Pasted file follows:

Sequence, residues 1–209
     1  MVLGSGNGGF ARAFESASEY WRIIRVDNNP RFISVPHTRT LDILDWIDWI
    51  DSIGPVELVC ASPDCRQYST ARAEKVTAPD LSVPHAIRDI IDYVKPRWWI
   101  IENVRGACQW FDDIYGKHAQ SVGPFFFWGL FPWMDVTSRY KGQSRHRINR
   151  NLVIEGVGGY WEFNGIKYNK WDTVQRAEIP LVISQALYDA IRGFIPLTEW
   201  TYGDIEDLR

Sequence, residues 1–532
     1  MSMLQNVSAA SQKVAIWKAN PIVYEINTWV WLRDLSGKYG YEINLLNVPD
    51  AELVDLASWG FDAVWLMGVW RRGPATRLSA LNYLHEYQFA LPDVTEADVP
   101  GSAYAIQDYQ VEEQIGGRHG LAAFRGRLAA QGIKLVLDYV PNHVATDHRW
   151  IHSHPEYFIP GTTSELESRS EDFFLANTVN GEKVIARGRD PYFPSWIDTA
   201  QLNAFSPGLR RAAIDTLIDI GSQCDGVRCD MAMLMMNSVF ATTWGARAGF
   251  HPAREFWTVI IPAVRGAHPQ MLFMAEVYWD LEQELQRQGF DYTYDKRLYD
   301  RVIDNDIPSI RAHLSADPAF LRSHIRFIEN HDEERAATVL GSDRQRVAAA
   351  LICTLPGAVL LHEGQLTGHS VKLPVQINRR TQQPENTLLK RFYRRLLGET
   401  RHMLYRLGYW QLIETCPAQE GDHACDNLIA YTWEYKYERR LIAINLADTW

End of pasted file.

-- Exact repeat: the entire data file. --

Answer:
Sequence, residues 1–209
     1  MVLGSGNGGF ARAFESASEY WRIIRVDNNP RFISVPHTRT LDILDWIDWI
    51  DSIGPVELVC ASPDCRQYST ARAEKVTAPD LSVPHAIRDI IDYVKPRWWI
   101  IENVRGACQW FDDIYGKHAQ SVGPFFFWGL FPWMDVTSRY KGQSRHRINR
   151  NLVIEGVGGY WEFNGIKYNK WDTVQRAEIP LVISQALYDA IRGFIPLTEW
   201  TYGDIEDLR

Sequence, residues 1–532
     1  MSMLQNVSAA SQKVAIWKAN PIVYEINTWV WLRDLSGKYG YEINLLNVPD
    51  AELVDLASWG FDAVWLMGVW RRGPATRLSA LNYLHEYQFA LPDVTEADVP
   101  GSAYAIQDYQ VEEQIGGRHG LAAFRGRLAA QGIKLVLDYV PNHVATDHRW
   151  IHSHPEYFIP GTTSELESRS EDFFLANTVN GEKVIARGRD PYFPSWIDTA
   201  QLNAFSPGLR RAAIDTLIDI GSQCDGVRCD MAMLMMNSVF ATTWGARAGF
   251  HPAREFWTVI IPAVRGAHPQ MLFMAEVYWD LEQELQRQGF DYTYDKRLYD
   301  RVIDNDIPSI RAHLSADPAF LRSHIRFIEN HDEERAATVL GSDRQRVAAA
   351  LICTLPGAVL LHEGQLTGHS VKLPVQINRR TQQPENTLLK RFYRRLLGET
   401  RHMLYRLGYW QLIETCPAQE GDHACDNLIA YTWEYKYERR LIAINLADTW